It's sad when a story dies.
All this week, I've been working on a story called Musicians With Instruments. MWI was going to be two love stories, a critique of (some) feminist attitudes, another critique of pomo sociology (and its interface with some feminist writings) and a showcase for the kind of passive-aggressive behavior that ultimately blew up in my face between me and my ex. (You know, writers do that sort of thing all the time.)
That's just too much for one story, especially one of only 10,000 words, to carry. More to the point, the outpouring of anger I had at my own detonated relationship has long since abated into a kind of low, ongoing frustration. It wasn't fun to revisit those times, and as I wrote I realized they weren't advancing the new love between Jacie and Riijyan, nor were they advancing Jacie's rediscovery of her love of music. The feminist critique thing also began to fall by the wayside, as it didn't present enough conflict.
As I saw it, this story wanted a re-write. I needed to back up and revisit the questions: What do the protagonists want? What stops them from getting what they want? What do they do to overcome those obstacles? What missteps put them further away from their goal, and present them with further barriers?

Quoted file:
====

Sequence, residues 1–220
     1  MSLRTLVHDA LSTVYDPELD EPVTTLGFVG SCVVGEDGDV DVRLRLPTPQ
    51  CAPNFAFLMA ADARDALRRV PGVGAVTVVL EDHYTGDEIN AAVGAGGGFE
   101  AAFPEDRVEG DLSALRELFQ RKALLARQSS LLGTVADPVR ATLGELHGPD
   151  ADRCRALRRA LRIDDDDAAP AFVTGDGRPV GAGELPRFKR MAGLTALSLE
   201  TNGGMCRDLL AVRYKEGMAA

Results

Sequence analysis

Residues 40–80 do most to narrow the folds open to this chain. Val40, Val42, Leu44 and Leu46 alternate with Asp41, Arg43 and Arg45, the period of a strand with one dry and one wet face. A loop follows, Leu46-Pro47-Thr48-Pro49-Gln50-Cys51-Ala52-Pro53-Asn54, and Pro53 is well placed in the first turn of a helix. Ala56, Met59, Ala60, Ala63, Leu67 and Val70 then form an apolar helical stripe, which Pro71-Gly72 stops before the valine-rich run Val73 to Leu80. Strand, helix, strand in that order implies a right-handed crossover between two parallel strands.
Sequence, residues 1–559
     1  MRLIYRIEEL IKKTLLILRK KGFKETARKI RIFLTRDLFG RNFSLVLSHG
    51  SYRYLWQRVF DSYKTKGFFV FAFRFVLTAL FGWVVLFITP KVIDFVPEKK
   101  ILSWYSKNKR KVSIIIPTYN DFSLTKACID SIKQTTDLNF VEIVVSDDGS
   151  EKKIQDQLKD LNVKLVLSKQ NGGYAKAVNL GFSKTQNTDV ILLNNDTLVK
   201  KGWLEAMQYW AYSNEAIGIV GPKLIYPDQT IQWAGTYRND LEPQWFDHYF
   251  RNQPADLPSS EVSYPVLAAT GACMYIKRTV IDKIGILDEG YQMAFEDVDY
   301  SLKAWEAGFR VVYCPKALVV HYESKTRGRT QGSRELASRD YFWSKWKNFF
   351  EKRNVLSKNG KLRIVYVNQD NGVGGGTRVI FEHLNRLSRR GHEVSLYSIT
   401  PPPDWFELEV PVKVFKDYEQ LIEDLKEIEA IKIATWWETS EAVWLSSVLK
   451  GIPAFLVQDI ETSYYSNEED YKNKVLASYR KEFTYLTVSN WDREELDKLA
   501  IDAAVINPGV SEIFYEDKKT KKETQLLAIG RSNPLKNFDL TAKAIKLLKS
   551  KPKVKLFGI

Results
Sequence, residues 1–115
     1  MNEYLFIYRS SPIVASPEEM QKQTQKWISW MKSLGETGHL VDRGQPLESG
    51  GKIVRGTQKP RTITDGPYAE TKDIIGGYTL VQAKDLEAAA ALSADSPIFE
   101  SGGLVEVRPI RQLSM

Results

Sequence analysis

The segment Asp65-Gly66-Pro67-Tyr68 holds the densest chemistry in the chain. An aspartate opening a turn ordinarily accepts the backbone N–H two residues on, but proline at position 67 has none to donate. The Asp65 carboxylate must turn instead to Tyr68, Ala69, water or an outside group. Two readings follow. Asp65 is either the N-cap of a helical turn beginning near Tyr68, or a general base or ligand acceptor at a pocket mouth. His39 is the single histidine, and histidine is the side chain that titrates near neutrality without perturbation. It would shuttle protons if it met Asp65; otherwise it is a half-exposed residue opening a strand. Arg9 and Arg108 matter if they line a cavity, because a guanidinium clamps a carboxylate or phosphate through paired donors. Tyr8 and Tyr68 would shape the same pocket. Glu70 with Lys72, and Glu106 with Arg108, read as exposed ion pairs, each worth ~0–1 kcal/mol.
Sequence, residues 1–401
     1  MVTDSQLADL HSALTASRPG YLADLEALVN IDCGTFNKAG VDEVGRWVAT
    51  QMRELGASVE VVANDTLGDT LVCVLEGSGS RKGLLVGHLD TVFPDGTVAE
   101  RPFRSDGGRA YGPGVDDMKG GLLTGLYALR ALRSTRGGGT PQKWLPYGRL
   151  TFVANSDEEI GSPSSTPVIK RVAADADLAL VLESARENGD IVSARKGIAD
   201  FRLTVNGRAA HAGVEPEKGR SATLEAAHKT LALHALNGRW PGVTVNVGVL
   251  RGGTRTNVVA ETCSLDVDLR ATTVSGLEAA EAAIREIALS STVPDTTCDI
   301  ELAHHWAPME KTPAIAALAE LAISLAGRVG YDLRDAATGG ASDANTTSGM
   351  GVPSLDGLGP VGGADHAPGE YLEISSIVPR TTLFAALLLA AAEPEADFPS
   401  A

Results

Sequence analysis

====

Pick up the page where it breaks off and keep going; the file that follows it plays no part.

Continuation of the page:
And then I plotted it out: Jacie starts off with the nagging sensation that there's something vaguely wrong with her relationship, and she wants it resolved. Upon meeting Riijyan, she realizes that what's wrong is that her lover has slowly been separating her from everything else she used to love, and everything else her lover said she loved about her. Jacie has to struggle with her own reluctance to face change-- especially when her lover has dragged her several thousand light-years and then isolated her in a sociological ghetto-- and find a happier existence. Somewhere along the way she re-discovers physical desire and leaps, with both feet, into Riijyan's gleeful arms. Except, it turns out, Riijyan's not that kind of girl.
That's a pretty sucky story. Bear with me: that's the kind of crap we put our own lives through. I love modern lit, but of the Jonathan Carrol kind, with strange, numinous experiences. I have no desire to clutter my work with more semi-chick-lit semi-memoir crap. And so, after 10,000 words, a story dies.